I have found no greater satisfaction than achieving success through honest dealing and strict adherence to the view that, for you to gain, those you deal with should gain as well.— Alan Greenspan
The most craziest Alan Greenspan quotes you will be delighted to read
Corruption, embezzlement, fraud, these are all characteristics which exist everywhere. It is regrettably the way human nature functions, whether we like it or not. What successful economies do is keep it to a minimum. No one has ever eliminated any of that stuff.
The probability of ten consecutive heads is 0.
1 percent; thus, when you have millions of coin tossers, or investors, in the end there will be thousands of very successful practitioners of coin tossing, or stock picking.
If you get beyond the political rhetoric [and assembled a group to solve Social Security] it would take them 15 minutes. It would take them 15 minutes only because 10 minutes was used for pleasantries.
I've been in and out of Wall Street since 1949, and I've never seen the type of animosity between government and Wall Street. And I'm not sure where it comes from, but I suspect it's got to do with a general schism in this society which is really becoming ever more destructive.
The number one problem in today's generation and economy is the lack of financial literacy.
I guess I should warn you, if I turn out to be particularly clear, you've probably misunderstood what I've said.
Protectionism will do little to create jobs and if foreigners retaliate, we will surely lose jobs.
I made a mistake in presuming that the self-interests of organisations, specifically banks and others, were such that they were best capable of protecting their own shareholders and their equity in the firms.
Gold still represents the ultimate form of payment in the world.
Fiat money in extremis is accepted by nobody. Gold is always accepted.
What we have found over the years in the marketplace is that derivatives have been an extraordinarily useful vehicle to transfer risk from those who shouldn't be taking it to those who are willing to and are capable of doing so.
By far the most significant event in finance during the past decade has been the extraordinary development and expansion of financial derivatives.
We are in the midst of a once-in-a-century credit tsunami.
Central banks and governments are being required to take unprecedented measures. Those of us who have looked to the self-interest of lending institutions to protect shareholders' equity are in a state of shocked disbelief.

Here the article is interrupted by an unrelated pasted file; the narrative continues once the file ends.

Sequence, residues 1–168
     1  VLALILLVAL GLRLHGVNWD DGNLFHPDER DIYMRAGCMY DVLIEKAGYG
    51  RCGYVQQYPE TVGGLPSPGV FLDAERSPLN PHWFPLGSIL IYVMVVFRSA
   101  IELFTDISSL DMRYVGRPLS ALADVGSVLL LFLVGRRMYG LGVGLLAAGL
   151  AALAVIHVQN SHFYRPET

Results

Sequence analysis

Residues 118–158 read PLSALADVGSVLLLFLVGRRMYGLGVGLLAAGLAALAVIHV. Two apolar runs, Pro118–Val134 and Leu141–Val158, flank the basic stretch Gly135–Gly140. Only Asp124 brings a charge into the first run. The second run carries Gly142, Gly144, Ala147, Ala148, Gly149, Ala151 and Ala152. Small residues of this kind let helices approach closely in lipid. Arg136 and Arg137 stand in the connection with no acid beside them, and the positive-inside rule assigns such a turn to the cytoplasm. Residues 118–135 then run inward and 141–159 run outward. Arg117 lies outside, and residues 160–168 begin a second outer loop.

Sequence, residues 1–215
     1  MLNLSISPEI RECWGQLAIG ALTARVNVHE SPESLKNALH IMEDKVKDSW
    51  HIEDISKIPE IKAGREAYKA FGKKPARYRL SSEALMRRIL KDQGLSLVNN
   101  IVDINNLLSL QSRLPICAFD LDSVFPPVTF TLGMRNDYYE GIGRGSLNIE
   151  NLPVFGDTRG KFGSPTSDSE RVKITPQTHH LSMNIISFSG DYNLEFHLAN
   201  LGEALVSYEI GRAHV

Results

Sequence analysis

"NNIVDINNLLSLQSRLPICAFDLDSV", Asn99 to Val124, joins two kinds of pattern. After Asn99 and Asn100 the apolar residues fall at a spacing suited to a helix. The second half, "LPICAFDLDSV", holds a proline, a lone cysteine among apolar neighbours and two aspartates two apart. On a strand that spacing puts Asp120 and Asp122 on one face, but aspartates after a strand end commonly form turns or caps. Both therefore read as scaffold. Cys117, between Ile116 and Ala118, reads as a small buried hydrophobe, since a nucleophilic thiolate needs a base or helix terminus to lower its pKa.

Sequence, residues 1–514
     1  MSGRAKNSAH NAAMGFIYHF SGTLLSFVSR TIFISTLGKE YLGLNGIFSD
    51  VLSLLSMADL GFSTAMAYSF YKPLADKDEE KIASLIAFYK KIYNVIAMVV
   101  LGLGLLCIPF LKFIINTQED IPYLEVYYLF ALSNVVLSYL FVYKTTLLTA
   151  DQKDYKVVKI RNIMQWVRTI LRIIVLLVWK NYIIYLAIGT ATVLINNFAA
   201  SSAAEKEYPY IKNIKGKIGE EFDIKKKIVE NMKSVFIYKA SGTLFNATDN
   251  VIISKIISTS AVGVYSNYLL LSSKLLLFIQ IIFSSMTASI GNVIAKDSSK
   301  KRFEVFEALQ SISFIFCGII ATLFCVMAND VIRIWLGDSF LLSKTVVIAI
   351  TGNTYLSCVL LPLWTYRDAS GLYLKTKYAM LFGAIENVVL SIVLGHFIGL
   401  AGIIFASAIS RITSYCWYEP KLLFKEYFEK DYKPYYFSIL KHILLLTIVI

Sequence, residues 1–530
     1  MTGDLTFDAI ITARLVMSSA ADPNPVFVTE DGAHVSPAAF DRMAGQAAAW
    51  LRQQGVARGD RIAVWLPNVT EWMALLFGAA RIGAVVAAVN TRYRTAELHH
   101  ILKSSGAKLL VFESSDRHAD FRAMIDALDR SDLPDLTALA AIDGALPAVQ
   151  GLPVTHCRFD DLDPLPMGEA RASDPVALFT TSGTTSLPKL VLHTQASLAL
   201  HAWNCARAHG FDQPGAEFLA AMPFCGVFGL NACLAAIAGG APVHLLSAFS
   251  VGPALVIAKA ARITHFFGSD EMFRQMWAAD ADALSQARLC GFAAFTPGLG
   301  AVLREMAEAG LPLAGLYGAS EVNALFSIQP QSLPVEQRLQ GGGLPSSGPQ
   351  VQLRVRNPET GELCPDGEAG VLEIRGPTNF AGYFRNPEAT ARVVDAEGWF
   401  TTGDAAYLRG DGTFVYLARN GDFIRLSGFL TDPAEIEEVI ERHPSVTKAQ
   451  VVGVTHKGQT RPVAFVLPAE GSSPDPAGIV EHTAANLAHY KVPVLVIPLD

In the absence of the gold standard, there is no way to protect savings from confiscation through inflation. There is no safe store of value.
Any informed borrower is simply less vulnerable to fraud and abuse.
To succeed, you will soon learn, as I did, the importance of a solid foundation in the basics of education - literacy, both verbal and numerical, and communication skills.
It's hard to overemphasize how important Ford's deregulation was.
True, most of the benefits took years to unfold-rail freight rates, for example hardly budged at first. Yet deregulation set the stage for an enormous wave of creative destruction in the 1980s.
The true measure of a career is to be able to be content, even proud, that you succeeded through your own endeavors without leaving a trail of casualties in your wake.
How do we know when irrational exuberance has unduly escalated asset values?
Fear and euphoria are dominant forces, and fear is many multiples the size of euphoria. Bubbles go up very slowly as euphoria builds. Then fear hits, and it comes down very sharply. When I started to look at that, I was sort of intellectually shocked. Contagion is the critical phenomenon which causes the thing to fall apart.
Look, I'm very much in favor of tax cuts, but not with borrowed money.
And the problem that we've gotten into in recent years is spending programs with borrowed money, tax cuts with borrowed money, and at the end of the day that proves disastrous. And my view is I don't think we can play subtle policy here.
I am saddened that it is politically inconvenient to acknowledge what everyone knows: the Iraq war is largely about oil.
A decline in the national housing price level would need to be substantial to trigger a significant rise in foreclosures, because the vast majority of homeowners have built up substantial equity in their homes despite large mortgage-market financed withdrawals of home equity in recent years.
The Iraq War is largely about oil.